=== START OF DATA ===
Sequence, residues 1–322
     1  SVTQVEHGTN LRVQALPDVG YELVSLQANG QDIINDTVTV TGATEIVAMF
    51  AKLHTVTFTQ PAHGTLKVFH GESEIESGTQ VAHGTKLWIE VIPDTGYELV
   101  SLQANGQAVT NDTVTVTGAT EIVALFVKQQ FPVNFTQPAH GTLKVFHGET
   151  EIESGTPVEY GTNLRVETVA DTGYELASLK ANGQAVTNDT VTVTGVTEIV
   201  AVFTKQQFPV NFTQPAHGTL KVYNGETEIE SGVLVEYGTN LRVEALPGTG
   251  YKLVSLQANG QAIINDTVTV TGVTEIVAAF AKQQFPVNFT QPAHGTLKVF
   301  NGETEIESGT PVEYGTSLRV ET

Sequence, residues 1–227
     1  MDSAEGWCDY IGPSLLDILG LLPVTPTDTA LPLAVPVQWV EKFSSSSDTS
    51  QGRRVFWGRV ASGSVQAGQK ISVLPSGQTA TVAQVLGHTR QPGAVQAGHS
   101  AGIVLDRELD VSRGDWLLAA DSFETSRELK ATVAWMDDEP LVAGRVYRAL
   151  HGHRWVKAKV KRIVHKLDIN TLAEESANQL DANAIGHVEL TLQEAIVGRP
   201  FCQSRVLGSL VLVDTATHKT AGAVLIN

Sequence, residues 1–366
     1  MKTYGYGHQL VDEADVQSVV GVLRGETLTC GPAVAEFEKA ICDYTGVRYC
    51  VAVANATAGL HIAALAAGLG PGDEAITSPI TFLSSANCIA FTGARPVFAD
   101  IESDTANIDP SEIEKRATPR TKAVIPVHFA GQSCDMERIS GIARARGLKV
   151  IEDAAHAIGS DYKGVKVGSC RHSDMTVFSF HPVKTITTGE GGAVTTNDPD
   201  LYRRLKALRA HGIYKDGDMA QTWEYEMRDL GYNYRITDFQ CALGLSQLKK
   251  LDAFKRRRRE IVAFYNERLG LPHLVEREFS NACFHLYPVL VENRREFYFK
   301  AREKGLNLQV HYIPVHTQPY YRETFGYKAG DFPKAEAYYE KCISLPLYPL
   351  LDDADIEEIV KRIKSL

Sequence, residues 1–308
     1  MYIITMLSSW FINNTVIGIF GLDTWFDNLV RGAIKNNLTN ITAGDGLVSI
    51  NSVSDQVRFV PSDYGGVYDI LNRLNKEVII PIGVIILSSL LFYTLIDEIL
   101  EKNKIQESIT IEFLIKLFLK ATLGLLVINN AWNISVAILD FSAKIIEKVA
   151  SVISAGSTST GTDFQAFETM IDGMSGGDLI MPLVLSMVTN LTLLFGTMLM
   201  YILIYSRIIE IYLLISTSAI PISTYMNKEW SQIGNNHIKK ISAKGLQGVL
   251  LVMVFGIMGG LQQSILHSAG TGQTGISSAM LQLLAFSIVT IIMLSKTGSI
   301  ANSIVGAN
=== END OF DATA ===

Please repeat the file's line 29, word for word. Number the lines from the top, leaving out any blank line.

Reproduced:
   201  YILIYSRIIE IYLLISTSAI PISTYMNKEW SQIGNNHIKK ISAKGLQGVL